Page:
We landed in the small but historically very significant town of Melaka after a short but quite enjoyable flight from Penang Island. Driving out of the tiny airport and to our hotel, we almost immediately noticed the rustic charm of the place. Speckless wide roads with charming old houses on both sides of the roads. Melaka seemed a far cry from the lively Penang island.
A sleepy little town with beautiful houses dotting it and chapters from its colonial past scattered all around. It was a little warm compared to Penang but less humid, much to my relief as we hopped onto a bus heading towards the Christ Church around which, most of the things to see in Melaka are located.
With the Christ Church, one of the main attractions of Melaka (also called Malacca) literally on the road as you get down from the bus and the ever-increasing number of tourists. It feels like the place has too much in too small a place. It almost made me feel overwhelming. But once we were adjusted to the activity there our jaws literally dropped at the sights of the fantastically maintained church. It was painted to perfection and even with so many people around, the place had a strange calm around it.
We spent a good hour or so around the church itself, appreciating the beauty around. No doubt the place was crowded with selfie-obsessed tourists all around but the place was so impressing that ignoring them was not at all hard. When we fist started exploring George Town, we were convinced that this is the best Malaysia will offer us in our trip. That however changed as soon as we started to explore this quite little town. But wait, in case I am confusing you now, let me clear the air and tell you that, George Town is still my most favorite place in Malaysia as of now.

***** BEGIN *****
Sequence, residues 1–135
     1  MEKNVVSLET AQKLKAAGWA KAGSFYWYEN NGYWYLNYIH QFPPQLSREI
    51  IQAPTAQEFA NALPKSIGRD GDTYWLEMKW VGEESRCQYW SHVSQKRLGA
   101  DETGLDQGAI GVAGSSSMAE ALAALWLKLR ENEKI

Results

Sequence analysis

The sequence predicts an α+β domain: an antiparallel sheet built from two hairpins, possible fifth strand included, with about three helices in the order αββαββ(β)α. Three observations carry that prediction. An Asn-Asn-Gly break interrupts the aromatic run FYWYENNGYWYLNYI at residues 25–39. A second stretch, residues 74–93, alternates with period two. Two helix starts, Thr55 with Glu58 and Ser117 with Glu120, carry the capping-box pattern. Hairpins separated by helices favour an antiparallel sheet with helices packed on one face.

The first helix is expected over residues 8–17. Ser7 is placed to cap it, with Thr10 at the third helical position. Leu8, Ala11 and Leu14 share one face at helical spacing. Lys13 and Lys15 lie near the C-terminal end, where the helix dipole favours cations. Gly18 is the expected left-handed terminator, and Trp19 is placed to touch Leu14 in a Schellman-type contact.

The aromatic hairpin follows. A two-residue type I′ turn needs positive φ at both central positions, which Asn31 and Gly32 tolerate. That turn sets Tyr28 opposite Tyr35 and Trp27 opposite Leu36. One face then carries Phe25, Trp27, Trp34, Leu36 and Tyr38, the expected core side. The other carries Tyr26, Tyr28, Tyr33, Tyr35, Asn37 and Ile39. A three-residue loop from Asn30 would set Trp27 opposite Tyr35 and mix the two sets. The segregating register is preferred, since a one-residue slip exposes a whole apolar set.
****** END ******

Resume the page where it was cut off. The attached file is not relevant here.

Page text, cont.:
Leaving behind the Christ Church and the Stadthuys as we moved ahead, towards the St. Paul’s Church atop the hill nearby, out of nowhere came a train of colorful trishaws. With happy tourists on board, they zoomed past us playing what seemed like happy music. Joyride quite literally 🙂 .
We spent some time around the People’s Museum, people watching. Kids, adults, and elders taking happy rides on colorful trishaws. Even the trishaw drivers seemed happy, with a smile on each one of their face.
It seemed we just could not have enough of the place with its every single building colored in age-old red. We wanted to sit there and not go anywhere, just enjoy the breeze, sip in the coke we had in our hands and let the hours go by. But, we had so much more to see and just this one day here. So, we finally tore ourselves from our seats and headed towards the ruins of St. Pauls (more on that soon).
Do you too like places with a lot of history behind them? Places whose every layer has something to tell about the times it has seen.